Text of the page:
The Chinese call it chi, Hindus call it prana and Americans call it vital energy. Obtaining and benefiting from this invisible life force is the subject of Get Clarity, a self-help book by a husband-and-wife life coaching team.
Cathy and Gary Hawk based their book on what they’ve learned during more than 20 years of […]
Drakx Slazakohn is a bounty hunter in the year 3041. Although there are still police officers and a military force in Kyle Robertson’s episodic science fiction thriller, bounty hunters get all of the tough jobs, and they have discretion about whether to bring in their contracts dead or alive. Drakx is the best at what […]
For Ronald Probstein, growing up in New York City during the Great Depression was as unconventional as it was unpredictable. His father, Sid, was a gambler, ticket scalper, bookie, and horseplayer, and Ronald’s boyhood hangouts were the betting parlors, cigar shops, boxing gyms, and area racetracks where his father conducted business.
Known as “Honest Sid,” […]
P.A. Condon’s literary gem of a memoir, written at age 80, shares sensitive details of his hard-scrabble life with the deft story-telling of Frank McCourt and a healthy dose of Julian Barnes’ keen wit. His reminiscences uncover an emotionally vulnerable childhood and a deep love of family, books, music, mountains, flying and teaching.
The book […]
Here’s a book that sounds promising: a former YMCA camp director shares a dozen suspense stories to read aloud around a campfire or at bedtime. Unfortunately, S. Steele’s premise is flawed by poorly crafted stories that are far too graphically violent to read to children.
Steele sells the book on the back cover as a […]
Though based on an oversimplified worldview where, at least morally, life is seen in monochrome, Phillip Freeman’s collection of faith-based, urban poetry is often inspirational. However, the lack of any thematic progression — the poems aren’t arranged strategically; in fact, they’re in alphabetical order according to the title — makes the reading experience an aimless […]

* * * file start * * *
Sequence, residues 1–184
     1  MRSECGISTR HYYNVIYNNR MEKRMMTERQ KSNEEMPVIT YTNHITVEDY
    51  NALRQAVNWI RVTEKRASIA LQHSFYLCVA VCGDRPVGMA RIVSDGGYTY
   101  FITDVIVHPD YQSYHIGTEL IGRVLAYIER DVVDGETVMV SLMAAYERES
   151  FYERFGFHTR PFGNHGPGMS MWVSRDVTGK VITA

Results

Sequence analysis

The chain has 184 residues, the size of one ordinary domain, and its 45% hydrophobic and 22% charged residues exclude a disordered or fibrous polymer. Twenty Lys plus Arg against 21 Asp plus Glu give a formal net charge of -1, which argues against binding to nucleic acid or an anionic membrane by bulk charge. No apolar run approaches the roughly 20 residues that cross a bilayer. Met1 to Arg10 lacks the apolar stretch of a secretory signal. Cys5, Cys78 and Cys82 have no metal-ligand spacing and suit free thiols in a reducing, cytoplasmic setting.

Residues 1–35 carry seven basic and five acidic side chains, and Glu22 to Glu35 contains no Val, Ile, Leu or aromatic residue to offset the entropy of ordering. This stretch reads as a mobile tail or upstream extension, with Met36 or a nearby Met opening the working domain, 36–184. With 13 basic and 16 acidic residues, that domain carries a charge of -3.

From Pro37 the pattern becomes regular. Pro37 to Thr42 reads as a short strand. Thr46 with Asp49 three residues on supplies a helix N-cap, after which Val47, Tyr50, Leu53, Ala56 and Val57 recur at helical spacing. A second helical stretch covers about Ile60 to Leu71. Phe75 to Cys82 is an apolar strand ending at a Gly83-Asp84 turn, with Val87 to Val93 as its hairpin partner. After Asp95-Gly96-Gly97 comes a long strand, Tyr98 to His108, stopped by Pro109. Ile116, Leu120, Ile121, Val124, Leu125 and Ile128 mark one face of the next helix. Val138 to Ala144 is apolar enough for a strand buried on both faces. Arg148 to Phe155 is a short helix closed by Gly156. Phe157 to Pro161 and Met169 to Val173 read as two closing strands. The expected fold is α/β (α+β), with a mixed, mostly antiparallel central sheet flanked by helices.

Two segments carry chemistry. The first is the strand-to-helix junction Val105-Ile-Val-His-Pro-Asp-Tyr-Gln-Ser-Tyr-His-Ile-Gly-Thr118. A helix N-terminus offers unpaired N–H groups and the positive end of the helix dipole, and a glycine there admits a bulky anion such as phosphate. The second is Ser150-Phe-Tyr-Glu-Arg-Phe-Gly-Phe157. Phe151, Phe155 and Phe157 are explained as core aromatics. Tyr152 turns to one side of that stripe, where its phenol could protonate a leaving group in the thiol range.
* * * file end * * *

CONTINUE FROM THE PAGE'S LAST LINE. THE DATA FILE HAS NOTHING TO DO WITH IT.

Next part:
This first novel by Douglas Coop is a Dickensian story that trumps Dickens in one respect: it’s based on the true saga of Coop’s great-grandparents. With assiduous research, Coop has reconstructed the probable circumstances in which his ancestor, 17-year—old George White, was wrongfully arrested for theft in England, in 1834, and sentenced to deportation for […]
In the aptly named Perceptions, B. Forrest Thompson draws on his life experience — in his 78 years he has been involved in broadcasting, church music and church finance — and offers 109 very short essays about, well, just about everything. Familiar subjects, such as beauty, drugs, tolerance and honor, are covered. So are more […]
Judging from the sheer number of quotations in his relatively brief treatise, it appears Michael Ebifegha has read nearly every book, article and blog post on the subjects of evolution and creationism. In addition to Stephen Hawking, Deepak Chopra, and Albert Einstein, Ebifegha frequently quotes himself — a novel way to support one’s own conclusions.
In D.S. Milne’s third novel, a widowed adventurer named Jack Collins, a footloose, half-Navajo sage called Timco (aka Cameron Yellow Fox Arnfinn) and a black hound dog they’ve rescued from the roadside end up in the small town of Estancia al Cabo, New Mexico. The men soon get involved in a dig at a long-forgotten […]